In real time, Francis dropped to one knee. Rachel said she was so caught up in the emotion of the slide-show proposal and so shocked over the blingy ring Francis offered her that she can't remember his exact words - something he teases her about now and then.

That spring, Francis left the museum to form Learn Listen Play, a nonprofit that provides music and art education at schools and day cares, as well as interactive music- and art-themed birthday parties.

That August, Rachel graduated. She is currently a postdoctoral fellow at Rutgers University, where she does research on spinal cord injuries.

It was so them

Francis wrote Rachel a song for their wedding. He doesn't sing, so he had someone else deliver the words while he played the piano. "The song was composed to vocalize all the emotions about everything that happened with our engagement and our being together, and to show her how much I will always love her," Francis said.

"It was a really touching, nice moment," Rachel said.

Rachel was raised Jewish and Francis was raised Christian. While they are not now religious, it was important to them to include some of their cultural rituals and traditions in the ceremony. They signed a ketubah - the Jewish marriage contract - and broke a glass in the tradition that signifies the permanence of marriage. Following African American tradition, they jumped the broom.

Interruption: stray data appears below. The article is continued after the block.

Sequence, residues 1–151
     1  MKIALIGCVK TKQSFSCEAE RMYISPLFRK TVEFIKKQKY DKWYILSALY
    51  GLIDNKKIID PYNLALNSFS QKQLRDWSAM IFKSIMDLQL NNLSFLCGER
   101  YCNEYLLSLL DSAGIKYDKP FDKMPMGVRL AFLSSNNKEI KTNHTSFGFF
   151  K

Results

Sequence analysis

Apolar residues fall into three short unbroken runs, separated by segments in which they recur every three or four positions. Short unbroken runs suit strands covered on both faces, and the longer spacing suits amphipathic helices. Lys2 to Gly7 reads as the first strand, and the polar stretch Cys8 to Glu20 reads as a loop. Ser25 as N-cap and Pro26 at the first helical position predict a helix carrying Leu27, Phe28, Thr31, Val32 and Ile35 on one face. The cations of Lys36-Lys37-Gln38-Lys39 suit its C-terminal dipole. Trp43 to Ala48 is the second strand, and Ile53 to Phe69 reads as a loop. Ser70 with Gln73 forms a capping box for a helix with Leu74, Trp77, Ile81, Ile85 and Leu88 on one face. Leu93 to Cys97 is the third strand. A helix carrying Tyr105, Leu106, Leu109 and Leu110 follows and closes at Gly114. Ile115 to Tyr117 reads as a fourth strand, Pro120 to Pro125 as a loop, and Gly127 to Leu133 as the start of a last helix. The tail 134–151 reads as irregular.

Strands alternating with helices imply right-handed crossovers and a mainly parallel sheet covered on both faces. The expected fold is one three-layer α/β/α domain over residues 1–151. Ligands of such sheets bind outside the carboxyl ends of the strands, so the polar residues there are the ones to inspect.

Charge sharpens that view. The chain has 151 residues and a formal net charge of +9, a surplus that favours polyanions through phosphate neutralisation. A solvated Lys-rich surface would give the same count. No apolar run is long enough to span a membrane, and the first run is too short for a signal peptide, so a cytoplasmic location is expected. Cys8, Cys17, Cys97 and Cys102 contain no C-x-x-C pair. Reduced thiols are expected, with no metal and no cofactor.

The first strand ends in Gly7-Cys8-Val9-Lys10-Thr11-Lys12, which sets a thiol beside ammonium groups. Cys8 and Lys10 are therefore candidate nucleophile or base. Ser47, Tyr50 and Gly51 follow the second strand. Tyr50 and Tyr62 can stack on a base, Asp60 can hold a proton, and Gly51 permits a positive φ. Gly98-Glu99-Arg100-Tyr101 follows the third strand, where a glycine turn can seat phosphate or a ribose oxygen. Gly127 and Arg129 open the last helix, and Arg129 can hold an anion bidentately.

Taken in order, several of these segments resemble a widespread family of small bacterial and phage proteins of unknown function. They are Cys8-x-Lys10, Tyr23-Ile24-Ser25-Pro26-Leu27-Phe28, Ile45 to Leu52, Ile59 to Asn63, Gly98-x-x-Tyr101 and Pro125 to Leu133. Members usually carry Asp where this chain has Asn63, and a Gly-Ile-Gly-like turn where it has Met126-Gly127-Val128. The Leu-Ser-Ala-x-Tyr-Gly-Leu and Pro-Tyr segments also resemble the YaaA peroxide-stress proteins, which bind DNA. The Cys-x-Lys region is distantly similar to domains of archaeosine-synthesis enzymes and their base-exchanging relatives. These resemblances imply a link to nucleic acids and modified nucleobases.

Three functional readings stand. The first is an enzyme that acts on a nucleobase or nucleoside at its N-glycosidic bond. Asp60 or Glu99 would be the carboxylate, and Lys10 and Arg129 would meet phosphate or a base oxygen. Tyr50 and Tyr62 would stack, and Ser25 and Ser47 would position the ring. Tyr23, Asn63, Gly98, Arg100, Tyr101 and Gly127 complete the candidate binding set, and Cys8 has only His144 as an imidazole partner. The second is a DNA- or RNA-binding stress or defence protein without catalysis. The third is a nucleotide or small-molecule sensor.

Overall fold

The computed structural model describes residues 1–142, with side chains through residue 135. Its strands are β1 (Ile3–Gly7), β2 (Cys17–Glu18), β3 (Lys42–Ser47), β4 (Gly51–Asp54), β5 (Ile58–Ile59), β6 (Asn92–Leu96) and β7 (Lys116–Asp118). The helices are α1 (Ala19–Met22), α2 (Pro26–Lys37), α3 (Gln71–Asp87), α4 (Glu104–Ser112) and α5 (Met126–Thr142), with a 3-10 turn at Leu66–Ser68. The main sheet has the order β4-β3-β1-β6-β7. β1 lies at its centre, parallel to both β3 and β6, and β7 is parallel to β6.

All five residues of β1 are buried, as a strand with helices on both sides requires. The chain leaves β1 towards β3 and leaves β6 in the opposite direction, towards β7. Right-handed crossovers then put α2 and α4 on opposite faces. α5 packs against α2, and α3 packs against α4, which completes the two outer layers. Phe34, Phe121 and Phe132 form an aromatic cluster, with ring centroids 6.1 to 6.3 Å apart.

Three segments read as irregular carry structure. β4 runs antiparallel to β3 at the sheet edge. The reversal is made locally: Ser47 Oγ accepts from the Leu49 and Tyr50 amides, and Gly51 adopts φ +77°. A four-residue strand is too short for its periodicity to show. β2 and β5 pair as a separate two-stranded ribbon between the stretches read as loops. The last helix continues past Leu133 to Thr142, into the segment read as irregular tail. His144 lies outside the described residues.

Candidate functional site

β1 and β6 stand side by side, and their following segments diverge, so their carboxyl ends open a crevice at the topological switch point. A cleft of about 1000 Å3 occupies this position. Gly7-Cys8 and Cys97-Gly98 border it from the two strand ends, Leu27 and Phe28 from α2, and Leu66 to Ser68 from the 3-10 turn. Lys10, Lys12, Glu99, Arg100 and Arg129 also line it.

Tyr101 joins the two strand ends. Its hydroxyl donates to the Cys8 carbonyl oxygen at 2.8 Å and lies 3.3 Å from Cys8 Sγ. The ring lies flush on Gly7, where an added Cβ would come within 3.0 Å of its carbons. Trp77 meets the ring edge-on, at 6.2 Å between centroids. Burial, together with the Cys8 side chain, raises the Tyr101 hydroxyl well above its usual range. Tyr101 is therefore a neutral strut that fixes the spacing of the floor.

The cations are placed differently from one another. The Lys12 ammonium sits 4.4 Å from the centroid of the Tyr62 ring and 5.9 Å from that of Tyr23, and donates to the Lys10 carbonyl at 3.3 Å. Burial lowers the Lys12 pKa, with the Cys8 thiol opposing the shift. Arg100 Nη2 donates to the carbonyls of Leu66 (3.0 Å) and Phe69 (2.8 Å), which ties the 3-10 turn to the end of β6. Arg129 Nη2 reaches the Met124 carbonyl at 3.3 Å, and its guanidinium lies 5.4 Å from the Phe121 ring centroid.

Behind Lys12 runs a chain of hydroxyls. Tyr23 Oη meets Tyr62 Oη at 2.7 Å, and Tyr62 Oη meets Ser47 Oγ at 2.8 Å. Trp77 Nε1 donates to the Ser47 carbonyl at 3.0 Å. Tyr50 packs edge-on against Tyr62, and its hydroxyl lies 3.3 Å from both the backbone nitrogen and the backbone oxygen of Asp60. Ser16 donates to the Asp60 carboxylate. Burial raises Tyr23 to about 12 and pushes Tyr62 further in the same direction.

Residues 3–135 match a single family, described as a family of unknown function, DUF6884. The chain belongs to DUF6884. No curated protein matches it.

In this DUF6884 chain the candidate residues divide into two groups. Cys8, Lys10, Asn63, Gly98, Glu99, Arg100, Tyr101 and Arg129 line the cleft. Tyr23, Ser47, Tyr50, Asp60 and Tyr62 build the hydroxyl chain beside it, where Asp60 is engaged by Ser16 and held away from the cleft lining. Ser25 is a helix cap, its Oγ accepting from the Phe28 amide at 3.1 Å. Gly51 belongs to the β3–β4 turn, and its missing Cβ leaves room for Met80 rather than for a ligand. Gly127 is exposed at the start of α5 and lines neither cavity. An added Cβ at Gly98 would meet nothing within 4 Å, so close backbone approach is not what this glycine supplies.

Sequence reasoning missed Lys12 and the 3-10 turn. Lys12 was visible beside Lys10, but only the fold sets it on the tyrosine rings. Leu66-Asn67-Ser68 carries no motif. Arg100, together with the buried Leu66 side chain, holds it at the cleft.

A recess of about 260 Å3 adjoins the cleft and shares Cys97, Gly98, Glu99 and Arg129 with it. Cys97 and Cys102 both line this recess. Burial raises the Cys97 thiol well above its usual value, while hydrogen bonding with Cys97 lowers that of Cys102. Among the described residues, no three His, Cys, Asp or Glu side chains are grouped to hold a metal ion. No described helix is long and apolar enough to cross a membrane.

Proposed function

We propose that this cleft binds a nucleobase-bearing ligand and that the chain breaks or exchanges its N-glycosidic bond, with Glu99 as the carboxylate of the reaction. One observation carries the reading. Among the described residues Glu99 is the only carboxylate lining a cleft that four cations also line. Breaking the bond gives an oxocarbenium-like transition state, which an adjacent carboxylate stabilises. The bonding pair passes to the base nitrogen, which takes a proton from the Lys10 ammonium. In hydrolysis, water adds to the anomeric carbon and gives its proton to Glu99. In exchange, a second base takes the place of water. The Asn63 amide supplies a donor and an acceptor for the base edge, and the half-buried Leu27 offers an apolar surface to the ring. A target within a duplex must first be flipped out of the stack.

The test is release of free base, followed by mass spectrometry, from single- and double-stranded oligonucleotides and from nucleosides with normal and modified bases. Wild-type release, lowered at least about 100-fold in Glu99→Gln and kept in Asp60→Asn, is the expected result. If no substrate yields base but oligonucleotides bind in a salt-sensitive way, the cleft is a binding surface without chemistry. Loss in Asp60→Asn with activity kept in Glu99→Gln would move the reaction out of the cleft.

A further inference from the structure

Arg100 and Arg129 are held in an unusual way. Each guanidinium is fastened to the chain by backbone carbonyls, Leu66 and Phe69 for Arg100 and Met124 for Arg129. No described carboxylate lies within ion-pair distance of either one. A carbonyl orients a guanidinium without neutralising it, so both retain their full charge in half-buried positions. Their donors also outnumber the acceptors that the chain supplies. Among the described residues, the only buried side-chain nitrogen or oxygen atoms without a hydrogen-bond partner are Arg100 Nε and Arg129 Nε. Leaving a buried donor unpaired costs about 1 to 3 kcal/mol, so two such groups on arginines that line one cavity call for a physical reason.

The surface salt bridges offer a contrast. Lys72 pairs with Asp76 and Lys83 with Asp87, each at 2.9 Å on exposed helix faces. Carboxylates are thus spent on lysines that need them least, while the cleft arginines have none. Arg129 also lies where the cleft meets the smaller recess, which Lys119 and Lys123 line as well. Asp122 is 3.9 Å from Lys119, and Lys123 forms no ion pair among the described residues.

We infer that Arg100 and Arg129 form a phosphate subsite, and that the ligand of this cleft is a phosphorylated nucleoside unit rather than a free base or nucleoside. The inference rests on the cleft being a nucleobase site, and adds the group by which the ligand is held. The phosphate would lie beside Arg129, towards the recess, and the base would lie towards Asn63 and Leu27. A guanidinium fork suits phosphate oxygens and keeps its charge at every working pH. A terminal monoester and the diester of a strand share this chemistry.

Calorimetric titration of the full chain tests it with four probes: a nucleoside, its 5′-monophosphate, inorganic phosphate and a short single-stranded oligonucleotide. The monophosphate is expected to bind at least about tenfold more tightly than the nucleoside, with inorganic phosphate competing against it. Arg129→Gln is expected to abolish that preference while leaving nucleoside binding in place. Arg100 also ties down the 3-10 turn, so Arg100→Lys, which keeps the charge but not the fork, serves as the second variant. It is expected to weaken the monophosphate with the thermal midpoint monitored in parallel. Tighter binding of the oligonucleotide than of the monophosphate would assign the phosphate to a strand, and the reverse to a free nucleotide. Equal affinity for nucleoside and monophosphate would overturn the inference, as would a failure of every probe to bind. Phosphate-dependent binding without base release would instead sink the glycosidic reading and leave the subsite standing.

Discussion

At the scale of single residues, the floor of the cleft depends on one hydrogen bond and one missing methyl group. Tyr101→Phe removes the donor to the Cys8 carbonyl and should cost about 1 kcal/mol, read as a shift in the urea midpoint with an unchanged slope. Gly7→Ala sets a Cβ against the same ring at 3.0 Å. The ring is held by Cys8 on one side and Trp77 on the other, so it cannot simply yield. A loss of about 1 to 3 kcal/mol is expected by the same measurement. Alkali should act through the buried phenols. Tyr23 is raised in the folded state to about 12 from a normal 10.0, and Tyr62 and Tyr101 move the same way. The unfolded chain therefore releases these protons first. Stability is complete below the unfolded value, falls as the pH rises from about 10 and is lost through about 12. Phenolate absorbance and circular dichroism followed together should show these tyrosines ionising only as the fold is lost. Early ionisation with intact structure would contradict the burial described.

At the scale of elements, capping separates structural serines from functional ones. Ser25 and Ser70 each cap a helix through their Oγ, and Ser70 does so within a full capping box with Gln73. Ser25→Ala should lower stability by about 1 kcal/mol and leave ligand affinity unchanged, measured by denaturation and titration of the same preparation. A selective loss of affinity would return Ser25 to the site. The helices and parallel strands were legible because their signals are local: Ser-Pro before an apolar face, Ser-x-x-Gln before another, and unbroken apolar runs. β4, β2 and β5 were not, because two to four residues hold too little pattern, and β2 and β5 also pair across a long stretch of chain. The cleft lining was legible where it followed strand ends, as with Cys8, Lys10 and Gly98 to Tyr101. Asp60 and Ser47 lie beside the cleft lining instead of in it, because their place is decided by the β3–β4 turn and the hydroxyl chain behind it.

At the reception, some of the couple's 90 guests lifted their chairs high for the horah dance.

The couple had three sets of parents enjoying the day: Francis' mother Gloria and father Francis; Rachel's mother Shelli and stepfather Phil, and her father Marc and stepmother Meryl.

This didn't happen at rehearsal

The couple wrote their own vows: Francis promised that he would make the bed every day, and that Rachel would only ever have to ask him to do something once.

Rachel promised to always comfort Francis, but she couldn't resist taking a little jab at his love for former Eagles quarterback Donovan McNabb. "I'll bring you up when you're down, even when the Carolina Panthers don't even want McNabb," she said.